Orioles Eve Rosenbaum
is Living Her Dream

This is an edited version of an article that appeared in JMore. 

Eve Rosenbaum

Eve Rosenbaum’s not your average Orioles fan. In fact, she’s not your average anything

Fusing her varsity softball player experience at Harvard with her education from the university’s world-renowned classrooms, Rosenbaum is one of a limited number of women in Major League Baseball with a high-ranking role in operations. 

The fact that she is the Orioles’ director of baseball development for her hometown team is just icing on the cake. Now just a year into scoring her dream job, Rosenbaum’s fingerprints are already all over the rebuild spearheaded by Mike Elias, the O’s executive vice president and general manager. 

Rosenbaum spoke about her remarkable journey from childhood fan to front office executive, while also reflecting on growing up Jewish in Maryland. Eve will be the speaker at The Associated’s Jewish Professional Women’s Kick-off Event on November 15. 

How would you summarize your role with the club? 

I am the conduit between the various departments that we have within baseball operations. Some of our main departments are Research & Development, Scouting, and Player Development. Our R&D team includes a lot of people who are really great in math, computer science and analytics. They are constantly coming up with cutting edge research findings and producing actionable baseball data. I work with them to make sure that the information is presented clearly on our database and then I work with our Scouting and Player Development departments to make sure that we are utilizing these findings when we scout and when we sign players. 

Then, once those players are in our organization, I help ensure that we are driving their progress and coaching them, essentially making sure that we use our findings to grow players from prospects into consistent Major League players.   

At the same time, we are also making sure that the theories which our scouts or our coaches have from working hands on with the players is being communicated back to R&D so that they can look into these ideas further to make sure that the numbers support these theories. So, I connect the dots among all the different areas throughout the department.  

How do you feel about being a pioneer in your field?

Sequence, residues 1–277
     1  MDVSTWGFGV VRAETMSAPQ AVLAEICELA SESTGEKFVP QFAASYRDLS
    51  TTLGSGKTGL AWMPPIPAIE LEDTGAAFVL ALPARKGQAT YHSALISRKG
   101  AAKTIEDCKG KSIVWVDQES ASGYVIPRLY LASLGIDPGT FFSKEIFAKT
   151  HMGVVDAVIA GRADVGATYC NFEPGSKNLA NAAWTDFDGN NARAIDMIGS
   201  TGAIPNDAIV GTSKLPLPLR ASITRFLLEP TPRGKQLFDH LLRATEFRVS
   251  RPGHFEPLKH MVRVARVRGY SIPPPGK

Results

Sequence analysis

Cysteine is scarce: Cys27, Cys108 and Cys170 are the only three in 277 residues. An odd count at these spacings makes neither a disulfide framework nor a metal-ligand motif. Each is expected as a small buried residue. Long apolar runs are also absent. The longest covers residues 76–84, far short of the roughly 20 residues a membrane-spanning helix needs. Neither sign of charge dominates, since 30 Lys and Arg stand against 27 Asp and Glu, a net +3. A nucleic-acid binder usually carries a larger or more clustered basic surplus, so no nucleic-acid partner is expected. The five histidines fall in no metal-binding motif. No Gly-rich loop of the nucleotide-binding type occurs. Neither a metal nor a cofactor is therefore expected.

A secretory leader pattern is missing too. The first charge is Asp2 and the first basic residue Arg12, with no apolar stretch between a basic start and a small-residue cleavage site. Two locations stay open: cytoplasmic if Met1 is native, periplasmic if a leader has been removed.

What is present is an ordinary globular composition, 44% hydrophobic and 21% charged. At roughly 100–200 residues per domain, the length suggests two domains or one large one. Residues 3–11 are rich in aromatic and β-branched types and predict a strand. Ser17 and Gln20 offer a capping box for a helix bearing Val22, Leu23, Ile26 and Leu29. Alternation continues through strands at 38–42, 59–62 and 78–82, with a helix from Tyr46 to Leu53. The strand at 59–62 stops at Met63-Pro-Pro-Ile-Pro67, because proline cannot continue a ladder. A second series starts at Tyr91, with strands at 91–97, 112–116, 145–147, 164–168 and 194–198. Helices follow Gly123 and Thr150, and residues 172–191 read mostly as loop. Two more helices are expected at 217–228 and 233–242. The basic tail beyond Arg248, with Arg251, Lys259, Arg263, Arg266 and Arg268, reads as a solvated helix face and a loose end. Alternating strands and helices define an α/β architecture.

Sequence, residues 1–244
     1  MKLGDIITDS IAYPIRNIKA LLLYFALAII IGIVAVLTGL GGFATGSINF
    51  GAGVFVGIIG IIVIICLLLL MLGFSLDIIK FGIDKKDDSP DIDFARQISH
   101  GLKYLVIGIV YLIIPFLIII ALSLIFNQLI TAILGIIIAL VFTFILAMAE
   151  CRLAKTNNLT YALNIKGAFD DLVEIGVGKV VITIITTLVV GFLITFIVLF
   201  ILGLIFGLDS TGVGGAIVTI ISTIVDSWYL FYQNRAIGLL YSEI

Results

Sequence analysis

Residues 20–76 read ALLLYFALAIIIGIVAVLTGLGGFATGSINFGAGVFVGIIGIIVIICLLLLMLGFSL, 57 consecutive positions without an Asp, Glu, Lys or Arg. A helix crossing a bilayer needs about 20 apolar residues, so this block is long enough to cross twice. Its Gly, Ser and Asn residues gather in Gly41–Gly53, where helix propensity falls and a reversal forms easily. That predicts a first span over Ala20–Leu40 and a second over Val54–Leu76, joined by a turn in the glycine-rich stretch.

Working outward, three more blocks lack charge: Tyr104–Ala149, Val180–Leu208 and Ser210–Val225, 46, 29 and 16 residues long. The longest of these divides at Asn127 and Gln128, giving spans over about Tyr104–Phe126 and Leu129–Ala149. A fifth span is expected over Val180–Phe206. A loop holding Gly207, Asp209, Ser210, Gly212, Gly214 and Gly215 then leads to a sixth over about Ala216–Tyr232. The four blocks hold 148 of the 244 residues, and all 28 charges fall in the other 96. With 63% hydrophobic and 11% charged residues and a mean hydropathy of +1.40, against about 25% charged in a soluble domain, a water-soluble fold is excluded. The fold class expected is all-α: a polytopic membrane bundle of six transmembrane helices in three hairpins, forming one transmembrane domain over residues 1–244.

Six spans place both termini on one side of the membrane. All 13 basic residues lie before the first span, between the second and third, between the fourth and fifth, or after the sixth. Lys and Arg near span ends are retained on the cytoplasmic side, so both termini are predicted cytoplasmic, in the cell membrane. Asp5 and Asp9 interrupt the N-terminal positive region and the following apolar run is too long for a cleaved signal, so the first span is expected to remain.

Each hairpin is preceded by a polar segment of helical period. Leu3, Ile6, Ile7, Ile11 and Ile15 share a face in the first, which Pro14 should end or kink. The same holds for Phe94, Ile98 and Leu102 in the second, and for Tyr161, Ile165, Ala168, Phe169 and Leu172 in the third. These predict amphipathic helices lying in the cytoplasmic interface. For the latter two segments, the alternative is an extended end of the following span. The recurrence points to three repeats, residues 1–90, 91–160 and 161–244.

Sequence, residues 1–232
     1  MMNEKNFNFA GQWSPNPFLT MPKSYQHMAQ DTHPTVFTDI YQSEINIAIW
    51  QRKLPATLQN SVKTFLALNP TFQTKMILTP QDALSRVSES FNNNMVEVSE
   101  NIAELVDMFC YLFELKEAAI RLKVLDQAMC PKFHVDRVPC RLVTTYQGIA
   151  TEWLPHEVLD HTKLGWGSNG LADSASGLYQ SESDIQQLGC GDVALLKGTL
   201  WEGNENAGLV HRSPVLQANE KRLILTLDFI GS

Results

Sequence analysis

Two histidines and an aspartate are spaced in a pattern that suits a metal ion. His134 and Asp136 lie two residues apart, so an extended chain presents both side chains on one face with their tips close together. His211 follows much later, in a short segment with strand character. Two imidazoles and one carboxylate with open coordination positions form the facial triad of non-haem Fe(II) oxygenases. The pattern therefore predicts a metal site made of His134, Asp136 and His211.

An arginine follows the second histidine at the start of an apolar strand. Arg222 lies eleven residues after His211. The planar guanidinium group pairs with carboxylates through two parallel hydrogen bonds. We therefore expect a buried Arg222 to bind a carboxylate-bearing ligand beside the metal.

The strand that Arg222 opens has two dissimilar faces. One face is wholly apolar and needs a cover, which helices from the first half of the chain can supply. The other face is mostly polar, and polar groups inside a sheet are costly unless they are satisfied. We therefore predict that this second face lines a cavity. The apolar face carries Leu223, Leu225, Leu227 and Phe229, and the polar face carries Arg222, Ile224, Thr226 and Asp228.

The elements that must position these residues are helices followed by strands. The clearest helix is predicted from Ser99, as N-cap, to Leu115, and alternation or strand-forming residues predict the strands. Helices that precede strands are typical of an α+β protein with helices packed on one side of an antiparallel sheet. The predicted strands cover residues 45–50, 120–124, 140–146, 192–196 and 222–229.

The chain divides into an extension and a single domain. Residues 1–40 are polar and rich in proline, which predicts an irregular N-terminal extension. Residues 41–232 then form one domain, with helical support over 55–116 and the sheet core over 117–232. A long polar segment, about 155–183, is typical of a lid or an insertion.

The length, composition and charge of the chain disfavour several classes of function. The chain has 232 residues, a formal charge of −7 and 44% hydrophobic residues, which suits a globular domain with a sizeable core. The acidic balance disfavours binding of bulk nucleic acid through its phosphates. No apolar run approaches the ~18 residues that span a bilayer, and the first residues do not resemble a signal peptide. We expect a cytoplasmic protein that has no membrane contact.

I can say that I have had a positive experience being a woman in a traditionally men’s field. I think that part of that comes from my personality and who I am. 

I grew up in Bethesda and played on a boys’ baseball team and boys’ soccer teams. In elementary school, I sat at the boys’ table for lunch, which was always a big deal. And I have two brothers, so it has always just been a part of my personality to be the woman on the men’s team. 

Fortunately, when I was playing soccer and baseball, I was one of the better players. In Bethesda Chevy-Chase Little League my baseball skills stood out and that did most of the talking, so I never really thought of myself as being different. I just saw myself as being part of the team because I was accepted for being a good player, and they wanted me there to contribute. 

Thinking back, did I ever get weird looks? Or did I ever have an opposing team say things like, ‘Oh, they have a girl who is playing goalie, we can definitely score on her. Yes. Sure that happened, but I just never thought about it.  Because my personality was just, this is who I am, I like to play sports, these are the teams I play on, I am good. I fit in. 

The media attention definitely reminds me of the extra pressure on me to do well, because if I do well, then I can open the door for other women to do well. If I do not do well, someone might say that she was not good at her job, so other women would not be good at this job either.  I am generally really good at ignoring it, but some days I am more consciously aware of it and that can be somewhat stressful.  But I think that this just makes me human. Some days I feel pressure and some days I don’t. 

O’s Fan Credentials 

Eve Rosenbaum at O's game with family